Pacita Abad: Google Doodle commemorates Philippine artist and activist
On this day (31 July) in 1984, Abad made history as the first woman to receive the country’s prestigious Ten Outstanding Young Men art award.
To mark the anniversary of the occasion, Google created a colourful piece of art representing the renowned feminist artist, who was lauded for her bright and colourful style.
Born in 1946 in Batanes, Abad studied in San Francisco in 1970 before travelling from Bangladesh to Sudan with her art supplies, where she found influence for what would become her signature style.
Her work tended to be abstract – she created a technique that she called trapunto, from the Italian word for "quilt", which involved stuffing canvases to create a sculptural effect.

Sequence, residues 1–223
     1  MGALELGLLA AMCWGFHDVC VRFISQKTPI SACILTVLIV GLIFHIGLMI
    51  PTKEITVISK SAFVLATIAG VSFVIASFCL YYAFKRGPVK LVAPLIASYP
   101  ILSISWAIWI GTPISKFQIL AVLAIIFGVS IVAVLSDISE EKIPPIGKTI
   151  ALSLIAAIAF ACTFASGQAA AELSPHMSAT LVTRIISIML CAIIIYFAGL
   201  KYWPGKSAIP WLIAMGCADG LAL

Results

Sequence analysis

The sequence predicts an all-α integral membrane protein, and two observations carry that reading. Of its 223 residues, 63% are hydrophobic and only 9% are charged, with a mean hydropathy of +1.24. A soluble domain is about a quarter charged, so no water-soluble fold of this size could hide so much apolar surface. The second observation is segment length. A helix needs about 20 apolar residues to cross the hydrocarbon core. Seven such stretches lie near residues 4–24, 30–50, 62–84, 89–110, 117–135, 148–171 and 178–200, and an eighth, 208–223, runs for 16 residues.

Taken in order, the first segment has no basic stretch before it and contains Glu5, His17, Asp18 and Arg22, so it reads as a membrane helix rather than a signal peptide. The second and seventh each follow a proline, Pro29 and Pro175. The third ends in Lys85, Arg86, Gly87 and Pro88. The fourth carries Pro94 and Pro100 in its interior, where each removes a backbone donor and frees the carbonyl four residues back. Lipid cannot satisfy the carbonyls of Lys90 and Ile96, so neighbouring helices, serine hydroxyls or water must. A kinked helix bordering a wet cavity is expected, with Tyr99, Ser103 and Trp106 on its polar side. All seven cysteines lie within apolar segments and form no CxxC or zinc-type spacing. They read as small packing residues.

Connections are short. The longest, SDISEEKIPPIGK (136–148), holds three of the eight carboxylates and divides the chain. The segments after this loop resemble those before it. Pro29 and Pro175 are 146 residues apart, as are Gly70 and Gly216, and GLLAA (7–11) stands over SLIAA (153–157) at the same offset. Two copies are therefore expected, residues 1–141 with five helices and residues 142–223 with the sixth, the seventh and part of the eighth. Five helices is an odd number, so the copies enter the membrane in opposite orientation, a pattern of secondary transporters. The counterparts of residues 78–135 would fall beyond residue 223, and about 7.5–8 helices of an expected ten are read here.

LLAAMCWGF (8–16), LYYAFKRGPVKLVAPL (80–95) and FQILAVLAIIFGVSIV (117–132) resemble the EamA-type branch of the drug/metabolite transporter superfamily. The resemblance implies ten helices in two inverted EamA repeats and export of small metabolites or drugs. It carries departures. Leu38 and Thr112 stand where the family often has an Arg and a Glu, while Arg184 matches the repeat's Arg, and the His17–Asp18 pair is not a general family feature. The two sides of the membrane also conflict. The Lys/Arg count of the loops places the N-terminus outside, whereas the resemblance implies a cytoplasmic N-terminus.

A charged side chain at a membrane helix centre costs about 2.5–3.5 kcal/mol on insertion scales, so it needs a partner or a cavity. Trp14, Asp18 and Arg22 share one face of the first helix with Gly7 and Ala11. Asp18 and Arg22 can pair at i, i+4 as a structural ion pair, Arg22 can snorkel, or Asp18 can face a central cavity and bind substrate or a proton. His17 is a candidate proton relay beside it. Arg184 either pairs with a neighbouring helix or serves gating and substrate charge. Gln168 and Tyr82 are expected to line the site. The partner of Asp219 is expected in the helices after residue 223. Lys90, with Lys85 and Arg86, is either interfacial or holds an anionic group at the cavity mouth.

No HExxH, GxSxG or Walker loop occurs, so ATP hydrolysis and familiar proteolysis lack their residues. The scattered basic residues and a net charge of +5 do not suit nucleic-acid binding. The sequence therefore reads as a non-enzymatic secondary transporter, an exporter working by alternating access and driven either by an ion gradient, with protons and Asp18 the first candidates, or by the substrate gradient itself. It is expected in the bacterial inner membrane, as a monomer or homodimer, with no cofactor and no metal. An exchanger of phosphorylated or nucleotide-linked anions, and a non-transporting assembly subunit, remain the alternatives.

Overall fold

She was also known for integrating culturally significant materials discovered during her travels, such as shells and fabrics, into her projects and she used pieces like her 1979 series Portraits of Cambodia to raise awareness of societal issues.
Abad’s acceptance of the Ten Outstanding Young Men award in 1984 prompted uproar in the Philippines art community, with a number of newspapers publishing letters from male artists who believed they deserved the top prize.
Abad ignored them and wore the award as a badge of honour, telling onlookers that “it was long overdue that Filipina women were recognised, as the Philippines was full of outstanding women".
Just a few months before her death of lung cancer in 2004, one of Abad’s largest public displays, the 2003 project Painted Bridge, was created. She covered Singapore’s 55-metre long Alkaff Bridge with 2,350 vibrantly coloured circles.
Throughout her 30-year art career, Abad had 75 solo shows. Her work was exhibited in over 200 museums and galleries across the world.